Who’s the dope?

A motivational speaker spoke to the employees of Lake Geauga United Head Start at the beginning of the school year. His topic was “How to handle stress in the work place.” His main idea was that stress is usually brought on by our own choice to dwell on problems. For instance, many people allow something someone said to aggravate them throughout their entire day, week, month, year, or even their entire life. That’s pretty sad, but too often a reality.

Have you ever gone home from work while still mad at someone? That’s real smart, isn’t it? It’s not bad enough that you work with this person, you’re bringing him home in the car! The extra-smart ones of you reading this really know how to get back at a jerk. “I’ll show him. I’ll be miserable all night.” Bet you’re wrecking the jerk’s night. Yeah, right. Who’s the dope here?

When I say this in my talks, some people reply, “But you don’t know what he said to me.” I ask, “When did he say it?” They usually say something like, “Nine this morning.” I say, “It’s seven at night. Is this guy calling you up every half hour and saying it over and over again?” We love to hold onto our misery. But don’t feel bad. It’s a very common practice. Look around the world. People are killing each other for stuff from hundreds of years ago.

Scott Sheperd in Who’s in Charge? Attacking the Stress Myth, (Highland City, FL: Rainbow Books, 2003), 53.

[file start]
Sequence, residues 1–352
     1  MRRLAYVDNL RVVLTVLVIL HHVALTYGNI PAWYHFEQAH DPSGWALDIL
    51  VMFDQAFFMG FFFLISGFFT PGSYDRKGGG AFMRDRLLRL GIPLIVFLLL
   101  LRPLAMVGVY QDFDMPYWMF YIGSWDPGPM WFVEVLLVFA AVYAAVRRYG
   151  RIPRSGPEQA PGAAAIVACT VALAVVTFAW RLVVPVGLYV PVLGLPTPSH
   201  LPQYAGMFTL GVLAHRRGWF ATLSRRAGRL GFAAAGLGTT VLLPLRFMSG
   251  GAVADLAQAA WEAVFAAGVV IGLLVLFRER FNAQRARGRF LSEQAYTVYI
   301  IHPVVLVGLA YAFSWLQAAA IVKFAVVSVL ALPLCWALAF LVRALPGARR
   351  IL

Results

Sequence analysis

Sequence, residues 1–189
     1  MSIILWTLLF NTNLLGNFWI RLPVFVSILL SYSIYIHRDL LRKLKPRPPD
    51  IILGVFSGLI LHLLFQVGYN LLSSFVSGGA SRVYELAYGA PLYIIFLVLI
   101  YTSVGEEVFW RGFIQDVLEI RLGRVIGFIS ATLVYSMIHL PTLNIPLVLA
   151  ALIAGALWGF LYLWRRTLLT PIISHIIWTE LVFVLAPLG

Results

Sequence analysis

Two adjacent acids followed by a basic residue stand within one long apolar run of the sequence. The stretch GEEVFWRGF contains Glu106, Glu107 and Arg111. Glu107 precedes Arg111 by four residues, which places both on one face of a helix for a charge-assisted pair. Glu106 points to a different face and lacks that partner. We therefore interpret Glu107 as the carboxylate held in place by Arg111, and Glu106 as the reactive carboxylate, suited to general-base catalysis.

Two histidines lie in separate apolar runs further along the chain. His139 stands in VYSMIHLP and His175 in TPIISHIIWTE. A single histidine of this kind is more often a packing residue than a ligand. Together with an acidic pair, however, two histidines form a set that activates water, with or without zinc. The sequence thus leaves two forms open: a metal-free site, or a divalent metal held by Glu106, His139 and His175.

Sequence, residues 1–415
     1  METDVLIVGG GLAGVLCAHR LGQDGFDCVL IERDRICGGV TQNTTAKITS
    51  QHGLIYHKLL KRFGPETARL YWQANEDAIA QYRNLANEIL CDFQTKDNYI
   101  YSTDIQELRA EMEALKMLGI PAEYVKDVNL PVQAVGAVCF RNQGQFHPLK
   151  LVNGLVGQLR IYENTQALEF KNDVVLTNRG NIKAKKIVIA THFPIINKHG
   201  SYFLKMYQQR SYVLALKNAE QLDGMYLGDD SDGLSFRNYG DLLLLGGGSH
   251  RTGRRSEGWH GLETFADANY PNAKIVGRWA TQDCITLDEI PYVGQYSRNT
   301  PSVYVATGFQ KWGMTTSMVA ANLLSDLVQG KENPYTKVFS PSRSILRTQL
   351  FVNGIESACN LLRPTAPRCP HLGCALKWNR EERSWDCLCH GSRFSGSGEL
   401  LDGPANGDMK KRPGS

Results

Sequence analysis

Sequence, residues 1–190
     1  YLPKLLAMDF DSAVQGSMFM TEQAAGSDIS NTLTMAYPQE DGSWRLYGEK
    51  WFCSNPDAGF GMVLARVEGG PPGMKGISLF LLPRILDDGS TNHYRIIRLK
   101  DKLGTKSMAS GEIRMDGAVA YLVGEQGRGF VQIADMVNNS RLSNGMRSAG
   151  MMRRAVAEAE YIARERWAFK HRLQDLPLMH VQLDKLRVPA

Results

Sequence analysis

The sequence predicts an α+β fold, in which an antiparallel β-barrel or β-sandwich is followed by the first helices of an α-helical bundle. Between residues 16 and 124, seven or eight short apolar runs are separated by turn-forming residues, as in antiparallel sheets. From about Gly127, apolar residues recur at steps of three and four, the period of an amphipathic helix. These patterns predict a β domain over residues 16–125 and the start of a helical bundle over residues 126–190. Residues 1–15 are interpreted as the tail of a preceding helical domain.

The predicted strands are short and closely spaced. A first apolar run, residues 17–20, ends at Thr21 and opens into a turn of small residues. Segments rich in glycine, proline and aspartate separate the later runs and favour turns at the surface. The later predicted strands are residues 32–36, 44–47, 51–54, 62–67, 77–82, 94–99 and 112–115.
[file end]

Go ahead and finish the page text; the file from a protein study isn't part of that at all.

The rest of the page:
That is a common sense approach to handling stress. But what does the Bible say about it? The words anger and wrath are mentioned 230 and 197 times respectively in the New King James Version. Not all refer to personal relationships, but those that do are very instructive.

He who is slow to anger is better than the mighty, And he who rules his spirit than he who takes a city. Proverbs 16:32

Do not hasten in your spirit to be angry, For anger rests in the bosom of fools. Ecclesiastes 7:9

Beloved, do not avenge yourselves, but rather give place to wrath; for it is written, “Vengeance is Mine, I will repay,” says the Lord. Romans 12:19

“Be angry, and do not sin”: do not let the sun go down on your wrath, nor give place to the devil. Ephesians 4:26-27

Let all bitterness, and wrath, and anger, and clamour, and evil speaking, be put away from you, with all malice: and be ye kind one to another, tenderhearted, forgiving one another, even as God for Christ’s sake hath forgiven you. Ephesians 4:31-32

Put on therefore, as the elect of God, holy and beloved, bowels of mercies, kindness, humbleness of mind, meekness, longsuffering; forbearing one another, and forgiving one another, if any man have a quarrel against any: even as Christ forgave you, so also do ye. Colossians 3:12-13

Wherefore, my beloved brethren, let every man be swift to hear, slow to speak, slow to wrath: for the wrath of man worketh not the righteousness of God. James 1:19-20

The Bible warns us that anger is destructive and often foolish. But even when anger is a right response, we who know Christ are instructed to give the situation over to God and humbly forgive those who have offended us. It is only then that we will have the peace that we desire. Will it be easy? No, it won’t always be easy, but we believe and know by experience that God’s ways are best. So, the next time you make the choice to take your anger home with you, remember how foolish that habit is, and replace it with God’s prescription for peace. Give it all to him.

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